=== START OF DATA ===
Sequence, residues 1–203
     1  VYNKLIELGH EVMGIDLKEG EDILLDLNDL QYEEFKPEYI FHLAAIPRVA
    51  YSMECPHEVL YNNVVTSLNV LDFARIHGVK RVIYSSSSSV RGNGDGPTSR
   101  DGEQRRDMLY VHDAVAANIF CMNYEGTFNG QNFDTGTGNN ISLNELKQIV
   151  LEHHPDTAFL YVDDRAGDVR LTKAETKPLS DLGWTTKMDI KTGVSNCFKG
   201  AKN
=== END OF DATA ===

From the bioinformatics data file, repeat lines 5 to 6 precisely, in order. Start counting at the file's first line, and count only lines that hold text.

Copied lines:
   151  LEHHPDTAFL YVDDRAGDVR LTKAETKPLS DLGWTTKMDI KTGVSNCFKG
   201  AKN